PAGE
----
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Zebrafish (Danio rerio) have emerged as a popular model for studying pharmacological effects on behavior and anxiety. While there have been numerous studies documenting the anxiolytic and anxiogenic effects of common drugs in zebrafish, many do not report or test for behavioral differences between the sexes. Previous studies of zebrafish have indicated that males and females differ in their behavioral responses to anxiety. In this study, we test for sex-dependent effects of fluoxetine and nicotine. We exposed fish to system water (control), 10 mg/L fluoxetine, or 1 mg/L nicotine for three minutes prior to being subjected to four minutes in an open-field drop test. Video recordings were tracked using ProAnalyst. Fish from both drug treatments reduced swimming speed, increased vertical position, and increased use of the top half of the open field when compared with the control, though fluoxetine had a larger effect on depth related behaviors while nicotine mostly affected swimming speed. A significant sex effect was observed where females swam at a slower and more constant speed than males in all treatments. No interactions between sex and the drugs were observed across the entire study.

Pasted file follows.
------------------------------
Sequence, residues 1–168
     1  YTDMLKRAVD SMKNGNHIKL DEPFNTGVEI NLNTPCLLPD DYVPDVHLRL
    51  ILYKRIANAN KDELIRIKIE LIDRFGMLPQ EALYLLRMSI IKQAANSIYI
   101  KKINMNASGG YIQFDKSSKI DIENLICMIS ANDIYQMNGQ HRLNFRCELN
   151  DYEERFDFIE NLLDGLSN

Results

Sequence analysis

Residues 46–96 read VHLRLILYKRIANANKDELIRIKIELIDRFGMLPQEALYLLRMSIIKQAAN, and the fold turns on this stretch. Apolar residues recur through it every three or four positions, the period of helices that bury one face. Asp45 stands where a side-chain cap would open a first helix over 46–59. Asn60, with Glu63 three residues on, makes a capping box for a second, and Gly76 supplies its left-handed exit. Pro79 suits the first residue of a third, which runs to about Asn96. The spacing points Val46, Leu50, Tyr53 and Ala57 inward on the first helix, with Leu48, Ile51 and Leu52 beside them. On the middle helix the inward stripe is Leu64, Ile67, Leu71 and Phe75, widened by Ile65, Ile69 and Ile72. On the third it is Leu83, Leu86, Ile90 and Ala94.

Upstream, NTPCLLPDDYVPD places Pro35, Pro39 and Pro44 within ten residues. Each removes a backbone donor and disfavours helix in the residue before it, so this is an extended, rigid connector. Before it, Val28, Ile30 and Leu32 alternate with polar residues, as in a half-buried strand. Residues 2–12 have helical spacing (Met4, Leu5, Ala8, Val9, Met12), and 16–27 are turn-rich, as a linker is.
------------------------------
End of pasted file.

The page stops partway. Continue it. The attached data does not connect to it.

Changes were made to accomodate reviewer comments.